Wednesday, 29 August 2018

BSL GCSE and the DoE...

Image result for GCSEs
Dear ATR


Thank you for writing to the Department for Education.

The government recognises the cultural significance of British Sign Language (BSL) as the first or preferred language of an estimated 70,000 people in the UK.

The Government is open to considering a proposal for a BSL GCSE and would welcome a proposal for consideration at the earliest opportunity. If the proposal meets the expectations for GCSEs and a BSL GCSE is ready to be introduced in this parliament, the government will then consider whether to make an exception to its general rule that there should be no new GCSEs in this parliament.  

Introducing a BSL GCSE is different from making it a national curriculum subject. The national curriculum, introduced in maintained schools from 2014, was designed to reflect properly the body of essential knowledge in key subjects, while leaving teachers scope to use their professional judgement to design curricula and offer additional subjects that meet the needs of their pupils - which may include BSL.

In addition to meeting the statutory duties to teach the national curriculum, maintained schools are free to teach any other subject or topic they deem relevant for their pupils, as part of the school’s wider curriculum.

As part of our commitment to improving the service we provide to our customers, we are interested in hearing your views and would welcome your comments via our website at: 

http://www.smartsurvey.co.uk/s/8IW1A/

Yours sincerely

Margaret Akintayo.

ATR:

BSL WON'T be a core subject of GCSE's.  Any such inclusion would have to be an exception but still have to conform to current curriculum/teaching norms.  The DoE 'May' consider is pretty vague a response, and isn't an acceptance of a BSL course at this time.  Whilst the DoE is recognising preferred communications for some deaf it still has to take into account the majority who don't, thus to avoid 'tiered' educational approaches, bias, and lowering of current standards..  It is in effect just saying OK, some deaf use BSL.  

'Immersion BSL' in education, which ATR asked the minister about was left unanswered.  Current systems (Official), say there is no leaning towards any single primary communication approach in deaf child education.  This follows the 'Each according to need' policy.  (It has to be flexible to meet all deaf and HoH children's needs).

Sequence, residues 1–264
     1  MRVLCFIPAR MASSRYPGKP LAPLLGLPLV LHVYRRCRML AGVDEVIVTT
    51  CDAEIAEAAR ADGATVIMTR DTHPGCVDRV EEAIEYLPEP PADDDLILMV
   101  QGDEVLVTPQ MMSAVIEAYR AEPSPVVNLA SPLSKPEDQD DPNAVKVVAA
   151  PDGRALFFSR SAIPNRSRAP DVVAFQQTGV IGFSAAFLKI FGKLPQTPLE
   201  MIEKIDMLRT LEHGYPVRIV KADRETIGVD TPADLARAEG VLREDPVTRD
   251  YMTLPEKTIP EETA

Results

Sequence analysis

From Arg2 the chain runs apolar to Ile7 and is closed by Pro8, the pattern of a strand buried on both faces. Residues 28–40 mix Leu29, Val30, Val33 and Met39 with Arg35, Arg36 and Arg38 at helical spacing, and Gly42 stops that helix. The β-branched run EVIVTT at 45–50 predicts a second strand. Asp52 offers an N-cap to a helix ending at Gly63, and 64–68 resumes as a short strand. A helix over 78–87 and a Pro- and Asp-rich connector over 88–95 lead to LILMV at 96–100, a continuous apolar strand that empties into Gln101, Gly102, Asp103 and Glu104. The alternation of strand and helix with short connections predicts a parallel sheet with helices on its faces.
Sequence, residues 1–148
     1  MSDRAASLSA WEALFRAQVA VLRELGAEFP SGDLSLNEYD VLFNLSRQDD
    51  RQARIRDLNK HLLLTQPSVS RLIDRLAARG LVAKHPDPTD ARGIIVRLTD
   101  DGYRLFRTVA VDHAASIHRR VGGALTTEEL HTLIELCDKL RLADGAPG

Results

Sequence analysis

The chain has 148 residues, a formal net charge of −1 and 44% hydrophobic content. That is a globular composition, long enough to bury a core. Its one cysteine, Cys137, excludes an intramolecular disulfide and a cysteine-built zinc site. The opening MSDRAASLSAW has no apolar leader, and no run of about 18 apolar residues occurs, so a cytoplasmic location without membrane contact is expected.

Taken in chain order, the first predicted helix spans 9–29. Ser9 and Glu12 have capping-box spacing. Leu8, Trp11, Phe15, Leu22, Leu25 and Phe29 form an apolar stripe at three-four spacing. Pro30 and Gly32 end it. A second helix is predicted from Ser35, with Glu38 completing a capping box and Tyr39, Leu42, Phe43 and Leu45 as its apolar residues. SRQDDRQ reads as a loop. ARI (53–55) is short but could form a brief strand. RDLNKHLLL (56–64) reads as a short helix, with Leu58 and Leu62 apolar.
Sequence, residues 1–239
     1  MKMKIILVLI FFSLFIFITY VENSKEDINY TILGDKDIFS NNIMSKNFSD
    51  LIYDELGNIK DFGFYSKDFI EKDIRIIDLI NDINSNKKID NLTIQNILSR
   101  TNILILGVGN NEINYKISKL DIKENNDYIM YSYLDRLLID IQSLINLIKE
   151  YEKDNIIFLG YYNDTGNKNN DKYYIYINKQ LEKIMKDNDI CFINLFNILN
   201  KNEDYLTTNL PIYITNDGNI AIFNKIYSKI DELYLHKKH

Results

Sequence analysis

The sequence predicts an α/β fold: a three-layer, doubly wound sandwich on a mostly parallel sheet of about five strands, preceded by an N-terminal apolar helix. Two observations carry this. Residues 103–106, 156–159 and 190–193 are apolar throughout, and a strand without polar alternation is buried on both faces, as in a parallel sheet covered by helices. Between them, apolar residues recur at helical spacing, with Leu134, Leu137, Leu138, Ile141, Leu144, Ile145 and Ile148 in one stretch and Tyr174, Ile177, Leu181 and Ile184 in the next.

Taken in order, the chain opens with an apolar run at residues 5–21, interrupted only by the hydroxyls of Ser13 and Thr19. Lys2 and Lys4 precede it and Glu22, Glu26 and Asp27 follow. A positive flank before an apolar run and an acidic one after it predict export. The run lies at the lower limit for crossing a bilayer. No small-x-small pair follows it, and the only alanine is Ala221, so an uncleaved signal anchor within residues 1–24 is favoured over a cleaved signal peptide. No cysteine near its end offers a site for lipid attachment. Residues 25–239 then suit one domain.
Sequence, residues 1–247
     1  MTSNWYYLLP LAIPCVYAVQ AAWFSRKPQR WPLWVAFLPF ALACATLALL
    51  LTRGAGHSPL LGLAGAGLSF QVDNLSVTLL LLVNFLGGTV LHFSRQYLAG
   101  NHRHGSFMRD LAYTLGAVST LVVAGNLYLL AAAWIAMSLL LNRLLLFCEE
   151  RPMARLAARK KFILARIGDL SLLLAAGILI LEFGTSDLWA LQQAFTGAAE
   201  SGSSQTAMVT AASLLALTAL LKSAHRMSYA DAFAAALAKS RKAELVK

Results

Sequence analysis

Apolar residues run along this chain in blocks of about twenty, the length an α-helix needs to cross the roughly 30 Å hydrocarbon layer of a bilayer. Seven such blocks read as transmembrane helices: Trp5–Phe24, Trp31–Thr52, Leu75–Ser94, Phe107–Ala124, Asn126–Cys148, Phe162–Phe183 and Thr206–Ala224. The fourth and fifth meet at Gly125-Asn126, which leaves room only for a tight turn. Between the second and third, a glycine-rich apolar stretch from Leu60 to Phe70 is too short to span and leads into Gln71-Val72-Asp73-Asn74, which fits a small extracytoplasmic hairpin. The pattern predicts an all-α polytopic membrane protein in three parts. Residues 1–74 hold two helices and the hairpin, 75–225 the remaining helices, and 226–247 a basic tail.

English literacy will still be a primary requirement. 

ATR has pointed out on many occasions (As have the relative deaf charities and BSL lobbies), that there is inadequate support or trained staff to make such a class effective at this time, at best the classes would be randomly sited, not a UK norm,.  There is insufficient back up in classrooms in the mainstream at present, also no agreed BSL norm approach settled on as yet to use as a basis of teaching.  There are still issues of regional sign usage and acceptances, any set class on BSL would require the Deaf to accept a norm that can be used nation-wide.

It would at best, reflect current random BSL approaches in LEA and other class tuitions for hearing, (there are no sign classes for the Deaf). Each current hearing class appears to have own norm, often using different approaches to the college run coursework (which is primarily not BSL but cultural/history approaches).  Most cultural references are also not in a visual form but in hefty tome's printed in academic-speak.  There are still primary issues of there being no valid sign for many terms.  

Many were tried out (Some claim invented to fill space by un-academic deaf), in the original 1992 dictionary of BSL which was later panned by the deaf themselves  Other references are on a medical/clinical overview of deafness and loss, which deaf reject as material.

The minister could not be drawn on questions ATR asked regarding the GCSE suggestion, e.g. if culture would be included as part of an BSL advanced tuition.  Teachers of the BSL have no organised cultural academic approach to use at present.  Not everyone is happy with the dictionaries/programs of BSL either which are not allowing for a norm to be established or are being developed by proper academics and accredited.  The Deaf appear to be accrediting themselves via own rules, but hearing coursework going own way.

The minister would not be drawn to answering the most vital questions, although an e-point was listed to respond to, it failed to respond to ATR.  The overall 'image' is that the appropriate words have been used to placate the BSL lobbies but on an official level suggests that lobby would have to alter BSL approaches to conform to the national curriculum norm, which the Deaf were unwilling to do.   Also, any decision deferred ad infinitum, at a very minimum not until a new government (2012), has been elected, as changes to GCSE's are not allowed in this parliament.

Deaf want BSL taught with culture in tandem.  The Minister has said she would prefer that the class (After meeting curriculum rules), concentrates on communication and bilingual qualifications.  The Deaf won't be allowed to dictate own approaches in UK schools.  Looks like only a free-for-all would exist at best and only in areas of high deaf concentration.